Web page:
In summary: RECOMMENDED.
I bought this after a great deal of research and some visits to various big-box sports chains. The price was a little better than comparable models in the retailers. However this boasted the 10" Android tablet, as compared to 7" in the retail stores, and NONE of the ones I looked at had the HD TV.
After reviewing iFit, I decided that I really wanted the iFit module. The HD TV was a great bonus, as I get bored easily ;)
Shipment was via a commercial trucking company and it showed up right on time. I did not opt for the professional installation, although I probably should have, if only to help me get it where I wanted (this sucker's heavy!).
Setup was OK. As other reviewers have indicated, the TV mounting plate stand-offs do not line up exactly with their designated bolt holes. A couple minutes in my garage with a power drill and decent drill bit to make them a little wider fixed that, but FreeMotion should definitely look in to that. For a $2000.00 piece of hardware, you'd expect a little higher tolerance.
Connecting to WiFi was a snap. Please note that the really cool parts of iFit are under the paid plan, you can't use the Google maps feature or most of the better tracking options on the free plan. But we had planned on popping for the paid plan anyway, so no heartache there. However, a single iFit membership allows you to add up to 3 additional users, for a total of 4.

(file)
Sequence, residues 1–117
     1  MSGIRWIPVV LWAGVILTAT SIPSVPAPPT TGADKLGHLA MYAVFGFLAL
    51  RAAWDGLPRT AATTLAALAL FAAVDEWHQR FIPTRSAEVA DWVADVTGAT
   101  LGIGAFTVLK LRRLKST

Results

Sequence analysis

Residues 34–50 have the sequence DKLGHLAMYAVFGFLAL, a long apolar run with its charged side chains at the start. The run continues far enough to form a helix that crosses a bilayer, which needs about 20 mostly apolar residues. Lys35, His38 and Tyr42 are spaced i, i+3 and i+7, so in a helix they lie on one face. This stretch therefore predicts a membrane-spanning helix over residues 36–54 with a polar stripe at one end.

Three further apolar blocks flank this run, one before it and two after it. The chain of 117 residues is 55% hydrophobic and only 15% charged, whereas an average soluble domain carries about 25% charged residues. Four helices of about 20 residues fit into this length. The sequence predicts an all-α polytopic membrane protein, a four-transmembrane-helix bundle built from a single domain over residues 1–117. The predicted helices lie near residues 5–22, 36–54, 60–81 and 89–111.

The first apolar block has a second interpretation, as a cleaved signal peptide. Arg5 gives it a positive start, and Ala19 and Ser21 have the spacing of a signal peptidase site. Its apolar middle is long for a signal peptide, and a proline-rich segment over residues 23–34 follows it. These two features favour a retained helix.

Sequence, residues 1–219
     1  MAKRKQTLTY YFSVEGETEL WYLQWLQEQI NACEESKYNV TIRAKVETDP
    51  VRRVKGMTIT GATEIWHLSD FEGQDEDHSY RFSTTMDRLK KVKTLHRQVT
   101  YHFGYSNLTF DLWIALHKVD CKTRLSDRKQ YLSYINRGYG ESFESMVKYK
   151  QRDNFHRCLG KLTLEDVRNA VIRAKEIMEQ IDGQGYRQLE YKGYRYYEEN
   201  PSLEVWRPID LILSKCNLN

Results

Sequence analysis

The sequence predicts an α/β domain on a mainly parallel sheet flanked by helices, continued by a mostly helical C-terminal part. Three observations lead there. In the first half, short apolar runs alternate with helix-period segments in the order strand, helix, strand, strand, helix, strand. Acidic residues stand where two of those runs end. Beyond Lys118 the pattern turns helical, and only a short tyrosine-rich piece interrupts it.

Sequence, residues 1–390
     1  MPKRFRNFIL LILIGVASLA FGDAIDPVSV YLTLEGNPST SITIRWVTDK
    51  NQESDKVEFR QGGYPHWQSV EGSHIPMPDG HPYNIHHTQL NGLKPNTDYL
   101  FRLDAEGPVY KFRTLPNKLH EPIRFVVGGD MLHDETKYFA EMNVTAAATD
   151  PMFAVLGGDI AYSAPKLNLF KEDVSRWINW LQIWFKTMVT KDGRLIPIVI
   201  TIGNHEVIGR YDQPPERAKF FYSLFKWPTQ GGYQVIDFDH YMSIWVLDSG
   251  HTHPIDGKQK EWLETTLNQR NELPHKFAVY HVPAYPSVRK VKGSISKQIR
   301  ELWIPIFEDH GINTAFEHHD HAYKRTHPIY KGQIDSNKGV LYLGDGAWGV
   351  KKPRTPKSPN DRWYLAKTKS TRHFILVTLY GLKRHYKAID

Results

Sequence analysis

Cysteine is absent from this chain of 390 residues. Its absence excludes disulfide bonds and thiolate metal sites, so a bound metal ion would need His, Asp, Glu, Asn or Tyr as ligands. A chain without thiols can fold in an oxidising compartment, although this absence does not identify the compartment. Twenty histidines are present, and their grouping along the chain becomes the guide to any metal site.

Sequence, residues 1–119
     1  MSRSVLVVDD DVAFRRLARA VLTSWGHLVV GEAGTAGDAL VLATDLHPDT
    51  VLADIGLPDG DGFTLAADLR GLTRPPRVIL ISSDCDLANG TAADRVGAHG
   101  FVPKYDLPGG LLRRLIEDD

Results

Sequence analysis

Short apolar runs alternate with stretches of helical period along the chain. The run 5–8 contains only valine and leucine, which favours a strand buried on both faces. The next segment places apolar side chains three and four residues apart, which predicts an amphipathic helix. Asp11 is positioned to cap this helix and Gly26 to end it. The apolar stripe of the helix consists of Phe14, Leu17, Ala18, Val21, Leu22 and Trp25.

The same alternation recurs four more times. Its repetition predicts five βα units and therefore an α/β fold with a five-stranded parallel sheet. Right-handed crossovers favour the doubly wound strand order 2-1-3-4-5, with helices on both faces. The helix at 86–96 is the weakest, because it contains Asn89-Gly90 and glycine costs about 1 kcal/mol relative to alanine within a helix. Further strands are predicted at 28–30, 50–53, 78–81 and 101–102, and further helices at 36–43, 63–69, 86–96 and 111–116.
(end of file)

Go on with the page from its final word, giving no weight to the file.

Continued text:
The next morning, I was so excited, I set my alarm for 5 am and awoke before that. I trudged down to the family room and fired up the FreeMotion 790. I tuned the HD TV to the early, early news, hopped on, and before I knew it, I had logged my first 3 mile run. That TV really makes a difference!
The next day, I worked a 13 hour shift, so, needless to say, my new toy didn't see much use.
Today I got home and downloaded a 3.1 mile run around a harbor in New York City. The treadmill dutifully increased and decreased inclination automatically, and the 10" display flashed alternating Google Street, satellite and map views. Full stats such as inclination, speed, time, etc are on display. Very cool!
My wife and I love it, and our son and daughter have even started using it. Great buy, highly recommend!
• SUPER SUPER quiet. So quiet, if you weren't walking on it, I'd have to look at the tread to make sure it was rolling.
• HD TV is a great option, as is the Andriod tablet with iFit software.
• Very solid device, I run at a pretty brisk pace for a guy my age, and it handles it like a breeze. I'd say it was on par with treadmills I've used in professional gyms.
• TV mounting bracket stand off holes do not line up with bolt holes in mounting plate.
• 20" wide tread is really OK for us, but I could see where some might want a 22" wide tread.